Posted at: 09/11/2012 4:36 PM
Updated at: 09/11/2012 5:27 PM
By: Ellery McCardle
Medical Edge: Creutzfeldt-Jakob
(ABC 6 NEWS) -- There's a disease so rare...many call it a lightning quick version of Alzheimers and Parkinson's diseases combined. It's called Creutzfeldt-Jakob disease, also known as CJD is so rare, it strikes just 300 Americans each year.
For families affected by it, research holds the only hope.
For Kip Laven warm memories of his 17 years with wife Michelle add up just as quickly as the tears of loss.
In March of 2011 42-year-old Michelle experienced a sudden onset of stroke-like symptoms such as difficulty speaking and confusion, odd movements. Tests came back negative and she was sent home.
"You knew everything was not working. She'd put her shirts on backwards," said Laven.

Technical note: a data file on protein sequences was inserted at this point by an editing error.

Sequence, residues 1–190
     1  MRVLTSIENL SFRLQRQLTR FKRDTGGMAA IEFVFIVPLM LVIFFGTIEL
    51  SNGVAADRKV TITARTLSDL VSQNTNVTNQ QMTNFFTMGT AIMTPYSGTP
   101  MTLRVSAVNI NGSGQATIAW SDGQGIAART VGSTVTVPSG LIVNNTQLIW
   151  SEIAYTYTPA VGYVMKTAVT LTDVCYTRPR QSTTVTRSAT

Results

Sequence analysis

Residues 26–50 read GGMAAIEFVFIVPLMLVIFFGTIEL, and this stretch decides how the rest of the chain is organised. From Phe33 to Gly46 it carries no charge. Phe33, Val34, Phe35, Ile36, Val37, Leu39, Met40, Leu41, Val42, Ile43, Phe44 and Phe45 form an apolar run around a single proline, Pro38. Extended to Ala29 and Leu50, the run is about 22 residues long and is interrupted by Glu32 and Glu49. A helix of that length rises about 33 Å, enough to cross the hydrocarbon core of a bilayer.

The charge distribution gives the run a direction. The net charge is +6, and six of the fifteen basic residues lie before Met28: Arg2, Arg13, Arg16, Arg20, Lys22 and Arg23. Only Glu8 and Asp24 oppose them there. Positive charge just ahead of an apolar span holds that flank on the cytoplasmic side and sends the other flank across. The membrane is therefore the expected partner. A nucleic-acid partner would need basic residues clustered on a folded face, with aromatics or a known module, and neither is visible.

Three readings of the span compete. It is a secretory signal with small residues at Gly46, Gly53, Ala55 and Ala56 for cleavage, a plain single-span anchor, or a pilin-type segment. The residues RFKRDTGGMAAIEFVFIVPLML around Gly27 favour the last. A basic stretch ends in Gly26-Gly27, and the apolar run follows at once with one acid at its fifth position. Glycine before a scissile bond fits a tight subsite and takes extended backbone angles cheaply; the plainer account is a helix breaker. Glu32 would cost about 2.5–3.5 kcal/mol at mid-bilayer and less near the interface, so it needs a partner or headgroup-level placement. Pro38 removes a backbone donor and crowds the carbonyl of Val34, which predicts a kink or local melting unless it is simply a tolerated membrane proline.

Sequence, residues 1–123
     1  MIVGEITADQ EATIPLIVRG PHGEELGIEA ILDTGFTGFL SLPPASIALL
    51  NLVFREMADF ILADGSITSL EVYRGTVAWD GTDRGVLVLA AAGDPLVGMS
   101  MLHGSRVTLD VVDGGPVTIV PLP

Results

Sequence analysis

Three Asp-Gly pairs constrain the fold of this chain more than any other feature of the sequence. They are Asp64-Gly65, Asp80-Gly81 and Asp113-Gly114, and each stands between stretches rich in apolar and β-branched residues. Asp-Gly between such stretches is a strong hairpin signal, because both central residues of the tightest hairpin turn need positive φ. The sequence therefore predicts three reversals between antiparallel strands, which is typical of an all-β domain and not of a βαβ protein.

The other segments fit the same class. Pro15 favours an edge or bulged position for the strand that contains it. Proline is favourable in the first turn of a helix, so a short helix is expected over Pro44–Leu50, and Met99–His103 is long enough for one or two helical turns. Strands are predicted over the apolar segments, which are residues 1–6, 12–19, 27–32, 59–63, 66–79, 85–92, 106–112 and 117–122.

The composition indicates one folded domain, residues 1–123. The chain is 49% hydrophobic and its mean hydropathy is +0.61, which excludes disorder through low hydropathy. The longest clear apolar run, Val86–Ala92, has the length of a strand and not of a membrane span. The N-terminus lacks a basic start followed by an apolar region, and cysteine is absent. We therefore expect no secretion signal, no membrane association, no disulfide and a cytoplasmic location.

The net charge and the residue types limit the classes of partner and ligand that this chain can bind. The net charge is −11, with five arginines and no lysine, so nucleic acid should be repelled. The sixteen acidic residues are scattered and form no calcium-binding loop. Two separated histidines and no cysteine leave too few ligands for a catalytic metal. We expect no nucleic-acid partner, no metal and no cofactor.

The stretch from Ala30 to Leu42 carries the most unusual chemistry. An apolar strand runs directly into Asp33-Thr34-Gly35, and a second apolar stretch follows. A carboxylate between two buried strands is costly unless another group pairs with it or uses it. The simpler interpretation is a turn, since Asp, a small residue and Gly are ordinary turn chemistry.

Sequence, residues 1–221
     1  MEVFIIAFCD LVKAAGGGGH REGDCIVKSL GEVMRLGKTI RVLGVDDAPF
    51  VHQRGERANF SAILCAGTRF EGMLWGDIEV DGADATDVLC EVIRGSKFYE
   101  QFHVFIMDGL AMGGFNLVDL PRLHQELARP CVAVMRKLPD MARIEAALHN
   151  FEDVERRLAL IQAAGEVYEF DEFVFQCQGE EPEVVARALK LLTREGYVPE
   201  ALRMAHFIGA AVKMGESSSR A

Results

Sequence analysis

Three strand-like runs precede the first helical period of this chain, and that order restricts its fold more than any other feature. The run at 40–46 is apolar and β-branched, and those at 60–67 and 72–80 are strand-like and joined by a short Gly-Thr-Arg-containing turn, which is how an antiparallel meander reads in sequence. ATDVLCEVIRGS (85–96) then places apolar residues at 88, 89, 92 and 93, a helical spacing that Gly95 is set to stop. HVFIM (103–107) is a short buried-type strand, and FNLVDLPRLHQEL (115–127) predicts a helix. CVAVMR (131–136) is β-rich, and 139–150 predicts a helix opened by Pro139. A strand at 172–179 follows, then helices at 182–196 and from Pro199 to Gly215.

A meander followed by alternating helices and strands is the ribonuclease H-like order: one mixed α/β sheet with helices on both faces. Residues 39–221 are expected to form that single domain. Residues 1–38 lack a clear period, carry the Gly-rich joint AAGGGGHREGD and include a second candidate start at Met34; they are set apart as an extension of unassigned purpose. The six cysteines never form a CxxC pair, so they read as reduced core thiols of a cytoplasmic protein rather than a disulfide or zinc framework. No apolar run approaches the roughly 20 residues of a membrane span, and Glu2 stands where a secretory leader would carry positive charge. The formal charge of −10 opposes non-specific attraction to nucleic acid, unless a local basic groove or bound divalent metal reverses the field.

Within a few days Michelle was back in the hospital. Primary care doctors and specialists were stumped. Suddenly, his wife was gone.
"40-days I think it was from the beginning to the end. It was done," said Laven.
The diagnosis was CJD. There is no treatment and its always fatal .
"We call it a rapidly-dementing illness. That's something that affects cognitive skills, memory, thinking, behavior, and it comes on rapidly," said Dr. Allen Aksamit, a Mayo Clinic neurologist.
He says an abnormal infectious protein called a prion is believed to be the cause of CJD, actually creating holes in and around neurons in the brain.
"It co-ops the normal protein and then it becomes a self-replicating or self-amplifying process, which essentially kills neurons and gets transmitted to other neurons in the vicinity," said Aksamit.
Kip says that means his sons Cody and Devin have a 50-50 chance of developing CJD, a possibility he finds very hard to bear.
"The normal person, if you knew you had it, you couldn't get married, couldn't have kids," said Laven.
Since CJD affects just one in a million people, research is slow to progress, but that's Kip's only hope of erasing the long shadow cast by a dreaded disease.
Dr. Aksamit says 90% of CJD cases are sporadic, the other 10% runs in the family such as in Michelle's case.